I love the Islam and how it presents when the character has to pray, she goes and prays, it is part of the story and it is seamless.  I don’t think the culture is handled quite as well.  Lyndsay is a foot writer who is always cooking, yet knows nothing of desi foods? If Colin’s mom is desi, wouldn’t she at some point tried to cook familiar foods for him.  Half the neighborhood is Bangledeshi, so it seems everyone has a parent or step parent or distant relative that is desi and I loved the normalizing, but it seemed a bit assuming.  I don’t think kids will wish it was more clear, but as an adult reading it, I felt like it needed to be interjected more without explanation, or if left as is, adding some context. I also wanted to know what Maria’s parents did and a little introspection from Maria.  Again as an adult I see how her anger and grief changes how she remembers them, but from them always being away, to such soft poignant memories at the end, I think kids will need a little hand holding to understand the grief process and her understanding of them.  As it is, they just seem terrible and then all of the sudden great, and the pacing gets thrown off in the process.


It seems to hint at the end that Maria might have a bit of a crush on Colin, I honestly thought up until a single line that they were making a chosen family with the people who cared for them, but that line seemed to suggest it might be more of a romantic feeling than friend or brotherly.  I read an early copy, so this is subject to change.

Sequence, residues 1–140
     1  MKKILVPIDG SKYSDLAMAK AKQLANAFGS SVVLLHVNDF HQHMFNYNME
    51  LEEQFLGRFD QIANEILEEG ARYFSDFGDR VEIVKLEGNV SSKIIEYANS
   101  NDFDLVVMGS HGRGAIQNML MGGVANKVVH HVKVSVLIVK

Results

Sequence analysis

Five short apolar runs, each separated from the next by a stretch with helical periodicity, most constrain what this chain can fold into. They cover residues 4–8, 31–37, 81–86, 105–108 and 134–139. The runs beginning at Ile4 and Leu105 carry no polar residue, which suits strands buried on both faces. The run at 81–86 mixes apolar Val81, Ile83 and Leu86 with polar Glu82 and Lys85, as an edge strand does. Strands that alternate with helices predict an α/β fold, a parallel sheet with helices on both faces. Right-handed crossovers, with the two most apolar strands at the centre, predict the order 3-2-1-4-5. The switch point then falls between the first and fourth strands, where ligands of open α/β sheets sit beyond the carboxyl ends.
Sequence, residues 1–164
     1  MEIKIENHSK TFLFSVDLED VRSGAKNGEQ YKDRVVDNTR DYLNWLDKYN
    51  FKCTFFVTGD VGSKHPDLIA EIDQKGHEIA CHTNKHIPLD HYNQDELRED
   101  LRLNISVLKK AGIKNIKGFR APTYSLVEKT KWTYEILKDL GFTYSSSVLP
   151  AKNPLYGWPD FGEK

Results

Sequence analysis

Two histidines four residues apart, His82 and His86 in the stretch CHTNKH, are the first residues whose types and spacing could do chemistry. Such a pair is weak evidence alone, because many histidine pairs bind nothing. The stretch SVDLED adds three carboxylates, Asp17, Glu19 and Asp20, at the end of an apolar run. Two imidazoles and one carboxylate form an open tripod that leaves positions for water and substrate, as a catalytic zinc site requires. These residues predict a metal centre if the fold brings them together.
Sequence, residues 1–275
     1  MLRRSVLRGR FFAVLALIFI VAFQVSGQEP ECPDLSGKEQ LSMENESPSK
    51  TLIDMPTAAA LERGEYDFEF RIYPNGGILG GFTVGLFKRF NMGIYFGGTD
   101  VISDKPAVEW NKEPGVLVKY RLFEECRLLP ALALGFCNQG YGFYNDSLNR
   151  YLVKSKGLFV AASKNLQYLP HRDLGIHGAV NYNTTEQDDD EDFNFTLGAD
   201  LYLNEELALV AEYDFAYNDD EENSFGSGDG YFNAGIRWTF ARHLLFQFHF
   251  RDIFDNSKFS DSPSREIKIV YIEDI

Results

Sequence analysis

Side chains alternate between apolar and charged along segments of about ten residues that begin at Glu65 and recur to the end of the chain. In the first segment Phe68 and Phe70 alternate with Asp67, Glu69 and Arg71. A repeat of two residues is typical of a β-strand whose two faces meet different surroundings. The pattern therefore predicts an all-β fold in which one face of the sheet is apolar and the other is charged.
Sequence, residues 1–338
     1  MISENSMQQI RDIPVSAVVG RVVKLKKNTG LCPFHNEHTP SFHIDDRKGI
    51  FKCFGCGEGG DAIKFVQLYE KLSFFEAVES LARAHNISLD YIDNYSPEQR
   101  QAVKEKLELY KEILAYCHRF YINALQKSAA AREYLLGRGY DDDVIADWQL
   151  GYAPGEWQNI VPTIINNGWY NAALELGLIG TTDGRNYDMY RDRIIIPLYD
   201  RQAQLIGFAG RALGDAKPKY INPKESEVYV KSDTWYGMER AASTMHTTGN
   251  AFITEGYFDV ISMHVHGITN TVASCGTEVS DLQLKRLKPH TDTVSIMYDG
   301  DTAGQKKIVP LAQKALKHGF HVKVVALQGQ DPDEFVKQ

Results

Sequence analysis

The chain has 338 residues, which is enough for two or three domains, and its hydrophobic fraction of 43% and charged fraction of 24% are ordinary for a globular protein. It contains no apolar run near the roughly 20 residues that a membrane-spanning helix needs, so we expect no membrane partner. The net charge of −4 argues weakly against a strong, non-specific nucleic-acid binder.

Maria gets her period and it is detailed what she is feeling.  I think boys and girls can and should read it.  It is presented on age and appropriately: cramps, achy, dry about blood leakage, having it start young like her mother, etc..

Implied magic (possibly), music and musical instruments being played, milaad, lying, sneaking, being kicked out of school for physical assault, close male and female friendships, ADHD stigma.


I think this book would work in a classroom and would appeal to readers in an Islamic or public library.  I would consider it for a middle school book club, I think readers will connect and feel empathy for Maria, Colin, and Lyndsay and be better for it.

I preordered my copy HERE and I hope you will do the same